In early June, The New York Times surveyed the economics departments at a handful of universities with notable economics programs — Princeton, Harvard, Berkeley, the University of Chicago, the Massachusetts Institute of Technology and the Ohio State University — and many academics do share Mr. Summers’ concerns. A sizable minority said they worry that inflation will rocket higher. And about half of respondents who work in macroeconomics agreed that the latest stimulus package was “significantly” too large.
That’s the view inside the academy. The message from economists currently in power is different. Top Fed officials have said high inflation is not likely, and that they expect temporary data quirks and bottlenecks will fade.
“A pretty substantial part — or perhaps all — of the overshoot in inflation comes from categories that are directly affected by the reopening of the economy,” Jerome H. Powell, the Fed’s chair, said during June 22 congressional testimony.
The White House also accepts that inflation could soar too high, a point the Biden economic team began making more explicitly after Mr. Summers expressed his concerns. But that is not their forecast, and it wasn’t enough to keep it from passing its $1.9 trillion stimulus.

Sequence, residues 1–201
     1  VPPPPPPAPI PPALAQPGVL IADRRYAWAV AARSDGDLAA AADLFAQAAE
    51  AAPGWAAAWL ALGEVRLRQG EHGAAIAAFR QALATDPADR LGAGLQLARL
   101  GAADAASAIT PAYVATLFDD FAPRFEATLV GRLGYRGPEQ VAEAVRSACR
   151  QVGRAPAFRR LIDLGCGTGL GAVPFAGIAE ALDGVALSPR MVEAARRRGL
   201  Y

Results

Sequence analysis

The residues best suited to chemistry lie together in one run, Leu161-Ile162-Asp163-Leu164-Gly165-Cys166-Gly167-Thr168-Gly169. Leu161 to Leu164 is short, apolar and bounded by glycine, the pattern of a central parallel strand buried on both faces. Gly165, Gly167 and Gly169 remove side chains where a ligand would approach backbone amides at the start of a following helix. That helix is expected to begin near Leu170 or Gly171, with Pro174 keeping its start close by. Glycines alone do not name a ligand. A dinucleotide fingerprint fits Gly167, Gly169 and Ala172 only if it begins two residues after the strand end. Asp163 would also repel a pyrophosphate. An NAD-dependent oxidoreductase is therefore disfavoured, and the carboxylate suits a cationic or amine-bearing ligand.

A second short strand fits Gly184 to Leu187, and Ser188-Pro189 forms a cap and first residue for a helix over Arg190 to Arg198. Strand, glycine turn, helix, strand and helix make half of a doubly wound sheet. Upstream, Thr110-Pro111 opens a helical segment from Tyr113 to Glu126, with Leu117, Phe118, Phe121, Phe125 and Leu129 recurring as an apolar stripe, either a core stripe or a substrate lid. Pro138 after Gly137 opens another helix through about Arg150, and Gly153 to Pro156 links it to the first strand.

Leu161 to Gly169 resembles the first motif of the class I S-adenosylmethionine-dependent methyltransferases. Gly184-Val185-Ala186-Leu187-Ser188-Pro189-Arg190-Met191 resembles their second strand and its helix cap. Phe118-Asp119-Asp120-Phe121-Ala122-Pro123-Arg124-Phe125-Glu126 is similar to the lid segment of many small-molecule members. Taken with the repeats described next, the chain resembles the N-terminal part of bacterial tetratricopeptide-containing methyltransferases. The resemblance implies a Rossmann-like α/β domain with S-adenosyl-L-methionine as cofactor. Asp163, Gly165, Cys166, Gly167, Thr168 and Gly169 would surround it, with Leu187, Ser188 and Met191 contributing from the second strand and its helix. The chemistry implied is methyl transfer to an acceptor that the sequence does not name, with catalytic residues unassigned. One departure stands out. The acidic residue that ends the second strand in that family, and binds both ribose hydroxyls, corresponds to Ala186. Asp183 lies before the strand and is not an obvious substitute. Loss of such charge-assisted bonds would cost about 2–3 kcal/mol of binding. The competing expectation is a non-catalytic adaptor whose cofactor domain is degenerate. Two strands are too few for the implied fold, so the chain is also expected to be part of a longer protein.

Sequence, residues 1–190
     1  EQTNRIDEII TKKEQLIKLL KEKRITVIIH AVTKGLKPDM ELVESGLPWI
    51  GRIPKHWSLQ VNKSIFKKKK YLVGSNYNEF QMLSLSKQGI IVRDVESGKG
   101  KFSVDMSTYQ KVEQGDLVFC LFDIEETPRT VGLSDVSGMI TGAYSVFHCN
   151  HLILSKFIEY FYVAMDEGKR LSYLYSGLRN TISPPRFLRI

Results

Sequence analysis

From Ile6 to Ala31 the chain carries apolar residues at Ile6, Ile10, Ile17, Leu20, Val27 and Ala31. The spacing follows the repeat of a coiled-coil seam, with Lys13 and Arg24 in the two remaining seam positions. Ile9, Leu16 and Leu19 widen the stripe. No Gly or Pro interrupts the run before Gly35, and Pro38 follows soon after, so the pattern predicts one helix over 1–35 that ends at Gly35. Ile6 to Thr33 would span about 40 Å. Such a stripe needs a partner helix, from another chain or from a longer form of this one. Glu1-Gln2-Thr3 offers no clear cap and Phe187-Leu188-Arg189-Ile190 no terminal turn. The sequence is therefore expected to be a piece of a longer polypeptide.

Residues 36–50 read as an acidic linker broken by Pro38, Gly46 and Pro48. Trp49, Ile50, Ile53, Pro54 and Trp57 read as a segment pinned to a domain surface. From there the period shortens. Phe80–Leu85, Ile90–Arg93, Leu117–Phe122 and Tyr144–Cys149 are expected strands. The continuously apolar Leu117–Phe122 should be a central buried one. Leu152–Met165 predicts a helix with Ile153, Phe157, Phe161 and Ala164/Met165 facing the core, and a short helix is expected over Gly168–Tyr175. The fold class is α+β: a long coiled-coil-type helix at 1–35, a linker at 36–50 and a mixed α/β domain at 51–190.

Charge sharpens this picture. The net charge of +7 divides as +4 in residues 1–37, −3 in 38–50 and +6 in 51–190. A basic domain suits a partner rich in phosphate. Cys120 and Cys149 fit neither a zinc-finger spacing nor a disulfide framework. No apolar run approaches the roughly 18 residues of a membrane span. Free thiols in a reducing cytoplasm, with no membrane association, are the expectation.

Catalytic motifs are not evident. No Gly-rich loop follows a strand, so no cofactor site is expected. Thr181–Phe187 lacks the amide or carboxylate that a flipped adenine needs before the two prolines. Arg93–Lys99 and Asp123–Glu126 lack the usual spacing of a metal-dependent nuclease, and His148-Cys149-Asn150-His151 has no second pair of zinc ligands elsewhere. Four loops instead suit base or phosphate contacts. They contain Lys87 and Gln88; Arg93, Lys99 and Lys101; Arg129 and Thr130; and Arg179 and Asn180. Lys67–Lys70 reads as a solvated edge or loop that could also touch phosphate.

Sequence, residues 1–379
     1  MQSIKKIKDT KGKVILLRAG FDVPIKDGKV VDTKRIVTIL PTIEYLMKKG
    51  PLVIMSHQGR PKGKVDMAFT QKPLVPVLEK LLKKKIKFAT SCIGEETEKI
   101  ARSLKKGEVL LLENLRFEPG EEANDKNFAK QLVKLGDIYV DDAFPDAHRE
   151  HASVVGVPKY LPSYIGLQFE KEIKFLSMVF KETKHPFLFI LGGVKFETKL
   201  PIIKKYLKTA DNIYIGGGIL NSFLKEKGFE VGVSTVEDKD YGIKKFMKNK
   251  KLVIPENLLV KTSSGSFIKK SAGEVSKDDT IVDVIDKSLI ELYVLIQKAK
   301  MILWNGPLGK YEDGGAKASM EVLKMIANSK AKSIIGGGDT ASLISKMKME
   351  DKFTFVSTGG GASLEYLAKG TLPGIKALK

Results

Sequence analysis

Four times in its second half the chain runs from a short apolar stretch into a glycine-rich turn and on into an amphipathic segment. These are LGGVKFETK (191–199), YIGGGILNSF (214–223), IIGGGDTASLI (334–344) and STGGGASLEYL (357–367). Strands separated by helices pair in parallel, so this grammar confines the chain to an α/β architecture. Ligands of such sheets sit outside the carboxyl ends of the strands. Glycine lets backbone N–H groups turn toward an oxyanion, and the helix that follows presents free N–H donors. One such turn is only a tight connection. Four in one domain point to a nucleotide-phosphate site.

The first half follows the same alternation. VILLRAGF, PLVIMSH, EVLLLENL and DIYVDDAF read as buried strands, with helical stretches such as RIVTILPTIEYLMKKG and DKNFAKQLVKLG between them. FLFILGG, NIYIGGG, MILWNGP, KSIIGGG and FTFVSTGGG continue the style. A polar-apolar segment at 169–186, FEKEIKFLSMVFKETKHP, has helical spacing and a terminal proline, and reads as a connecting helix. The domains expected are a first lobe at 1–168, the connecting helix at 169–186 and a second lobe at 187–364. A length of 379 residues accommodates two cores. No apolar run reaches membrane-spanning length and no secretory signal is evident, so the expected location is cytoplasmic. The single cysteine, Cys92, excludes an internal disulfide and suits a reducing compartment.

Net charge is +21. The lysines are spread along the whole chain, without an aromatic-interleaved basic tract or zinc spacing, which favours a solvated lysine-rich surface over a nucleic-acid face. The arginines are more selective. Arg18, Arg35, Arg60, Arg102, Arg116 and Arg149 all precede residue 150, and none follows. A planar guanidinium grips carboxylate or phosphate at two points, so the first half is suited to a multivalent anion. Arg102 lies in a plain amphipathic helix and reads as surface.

Nor has it rocked the Fed meaningfully from its patient course: Mr. Summers has regularly called for the central bank to stop buying mortgage-backed bonds. While the Fed has said that it’s now talking about slowing those purchases, it hasn’t yet. Fed officials did pencil in possible rate increases for 2023 at their June meeting, and they marked up their estimates of inflation this year.
Mr. Summers takes comfort in the attention the Fed has recently paid to inflation risks. But he had previously said there was a one-third chance that the Fed would allow inflation to run out of control, a one-third chance that it would cause a recession by lifting rates to curb price gains, and a one-third chance that everything would turn out fine — and, he said in an interview, he still thinks that assessment is basically correct.
Mr. Summers could turn out to be right. Inflation has moved up faster than economists anticipated this year. But he could yet be proved wrong, since part of the increase in prices was broadly expected and much of the rest came from categories affected by reopening wiggles, like airplane tickets and used cars. If price gains fall back into line after a bout of pandemic weirdness, there’s little reason for them to be destabilizing or problematic, from the Fed’s perspective.